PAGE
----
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The WHO conference: Mental health first aid crucial for Asian tsunami survivors

Ministry of Social Affairs and Health
Publication date 12.1.2005 14.00
Press release -

Helsinki, 12 Jan. – Mental health care and emergency treatment are crucial in helping people who have faced mass scale conflicts and crises, experts attending the WHO ministerial conference on mental health said today.

The care of survivors of the Asian tsunami disaster requires urgent mental health care as a form of first aid, Dr Benedetto Saraceno, of WHO headquarters said at a panel discussion arranged for journalists.

“The tsunami has shown that mental health is in the front line of all activities to help victims,” he said. “There is a great need to bring mental health treatment as quickly as possible to people, not just water and food.”

Dr Saraceno said that all too often politicians forget mental health needs in between one crisis and another. “They then suddenly realise that mental health is important.” He said that that the tsunami disaster underscores that mental health is a crucial constant.

Dr Matt Muijen of the WHO’s Regional Office for Europe said that the declaration to be agreed by the ministerial conference is especially valid in the context of the tsunami disaster. “It includes the crucial issue of populations at risk.”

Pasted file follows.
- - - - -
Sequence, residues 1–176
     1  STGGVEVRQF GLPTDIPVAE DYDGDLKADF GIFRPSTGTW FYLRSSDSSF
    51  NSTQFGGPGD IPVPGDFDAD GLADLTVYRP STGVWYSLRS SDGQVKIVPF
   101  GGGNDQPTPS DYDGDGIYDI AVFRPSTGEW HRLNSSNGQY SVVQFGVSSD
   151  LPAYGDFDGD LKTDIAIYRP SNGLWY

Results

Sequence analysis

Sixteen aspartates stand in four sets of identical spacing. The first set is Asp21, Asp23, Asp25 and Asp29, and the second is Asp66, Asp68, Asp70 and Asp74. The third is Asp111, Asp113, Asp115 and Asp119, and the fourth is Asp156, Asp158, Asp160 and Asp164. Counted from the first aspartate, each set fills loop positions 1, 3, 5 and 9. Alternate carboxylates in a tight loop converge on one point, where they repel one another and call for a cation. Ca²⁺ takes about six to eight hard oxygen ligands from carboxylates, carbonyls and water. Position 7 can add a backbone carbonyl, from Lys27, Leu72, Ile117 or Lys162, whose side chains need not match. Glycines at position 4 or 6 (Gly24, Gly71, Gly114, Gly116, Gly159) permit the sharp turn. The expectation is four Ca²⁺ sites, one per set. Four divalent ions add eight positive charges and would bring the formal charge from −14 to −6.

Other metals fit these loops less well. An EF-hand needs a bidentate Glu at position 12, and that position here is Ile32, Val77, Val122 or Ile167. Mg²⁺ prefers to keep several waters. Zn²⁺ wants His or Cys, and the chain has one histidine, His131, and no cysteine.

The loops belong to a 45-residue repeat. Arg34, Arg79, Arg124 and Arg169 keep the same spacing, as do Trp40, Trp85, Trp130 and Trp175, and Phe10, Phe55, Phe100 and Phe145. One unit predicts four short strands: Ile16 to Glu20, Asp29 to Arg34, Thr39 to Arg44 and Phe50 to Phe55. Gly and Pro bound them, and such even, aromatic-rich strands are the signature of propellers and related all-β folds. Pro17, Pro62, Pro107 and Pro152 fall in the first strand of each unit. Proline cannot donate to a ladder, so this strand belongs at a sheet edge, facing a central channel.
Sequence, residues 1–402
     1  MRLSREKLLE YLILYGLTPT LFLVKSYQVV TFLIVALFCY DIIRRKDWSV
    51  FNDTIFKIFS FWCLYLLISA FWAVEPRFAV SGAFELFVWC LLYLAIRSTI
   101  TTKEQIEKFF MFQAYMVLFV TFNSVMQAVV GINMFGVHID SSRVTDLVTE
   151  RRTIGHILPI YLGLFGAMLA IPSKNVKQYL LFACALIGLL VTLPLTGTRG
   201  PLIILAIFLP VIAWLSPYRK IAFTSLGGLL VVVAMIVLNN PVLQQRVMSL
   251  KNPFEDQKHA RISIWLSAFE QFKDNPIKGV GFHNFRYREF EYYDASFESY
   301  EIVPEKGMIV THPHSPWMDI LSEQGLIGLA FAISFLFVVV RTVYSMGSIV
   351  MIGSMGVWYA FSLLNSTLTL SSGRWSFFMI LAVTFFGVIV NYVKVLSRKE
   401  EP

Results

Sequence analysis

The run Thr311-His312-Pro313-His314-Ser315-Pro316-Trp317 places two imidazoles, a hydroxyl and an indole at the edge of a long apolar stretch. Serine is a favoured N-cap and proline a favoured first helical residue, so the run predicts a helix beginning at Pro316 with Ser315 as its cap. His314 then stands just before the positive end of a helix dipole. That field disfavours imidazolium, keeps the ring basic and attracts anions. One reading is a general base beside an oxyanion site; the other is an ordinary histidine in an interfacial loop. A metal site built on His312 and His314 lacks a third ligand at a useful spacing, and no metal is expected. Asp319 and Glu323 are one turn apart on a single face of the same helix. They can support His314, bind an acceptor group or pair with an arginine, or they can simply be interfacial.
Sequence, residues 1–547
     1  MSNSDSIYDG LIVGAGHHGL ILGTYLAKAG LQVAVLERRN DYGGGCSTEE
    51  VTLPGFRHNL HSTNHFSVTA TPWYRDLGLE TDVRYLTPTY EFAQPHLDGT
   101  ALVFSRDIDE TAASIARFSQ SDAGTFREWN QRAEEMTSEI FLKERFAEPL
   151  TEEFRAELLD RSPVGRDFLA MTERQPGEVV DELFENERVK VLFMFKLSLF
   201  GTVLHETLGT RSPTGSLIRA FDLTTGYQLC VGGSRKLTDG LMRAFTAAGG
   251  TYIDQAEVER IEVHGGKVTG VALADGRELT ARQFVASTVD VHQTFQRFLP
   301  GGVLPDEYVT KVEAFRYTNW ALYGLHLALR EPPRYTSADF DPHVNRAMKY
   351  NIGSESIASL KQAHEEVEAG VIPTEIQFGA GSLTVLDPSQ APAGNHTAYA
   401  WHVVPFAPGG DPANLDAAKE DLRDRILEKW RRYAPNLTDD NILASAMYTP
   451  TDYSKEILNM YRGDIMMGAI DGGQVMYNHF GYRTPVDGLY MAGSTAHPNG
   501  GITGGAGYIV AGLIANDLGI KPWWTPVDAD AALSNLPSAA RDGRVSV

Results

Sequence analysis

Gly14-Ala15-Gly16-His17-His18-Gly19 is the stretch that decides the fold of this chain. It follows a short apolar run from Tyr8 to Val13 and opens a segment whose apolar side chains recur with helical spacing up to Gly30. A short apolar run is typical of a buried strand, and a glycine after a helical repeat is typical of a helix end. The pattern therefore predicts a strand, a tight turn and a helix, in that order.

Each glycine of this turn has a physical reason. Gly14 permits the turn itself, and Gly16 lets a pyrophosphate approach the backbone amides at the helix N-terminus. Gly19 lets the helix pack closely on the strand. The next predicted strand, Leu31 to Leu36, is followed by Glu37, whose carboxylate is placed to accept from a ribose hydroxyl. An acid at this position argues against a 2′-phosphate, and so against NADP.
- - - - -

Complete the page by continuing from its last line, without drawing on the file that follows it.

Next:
Dr Gudjón Magnússon of the WHO’s Regional Office for Europe described work within the Stability Pact for South-East Europe to address the mental health toll of the 1991-1992 Balkans conflict.

The Pact includes a mental health dimension that involves partnerships with all nine countries of the region affected by the internecine conflict.

“Representatives of these partnerships are attending this conference to share their experiences of the projects we have been following. We have been making good progress overall, though there are still ethnic tensions, such as in the Former Yugoslav Republic of Macedonia.”

The panel discussion drew special attention to the psychosocial situation facing children in the wake of conflicts and catastrophe.

Dr Saraceno said that all the mental health service centres in the areas worst hit by the Asian tsunami were devastated along with other infrastructure. “This demands an intelligent and rational rebuilding of the services.”

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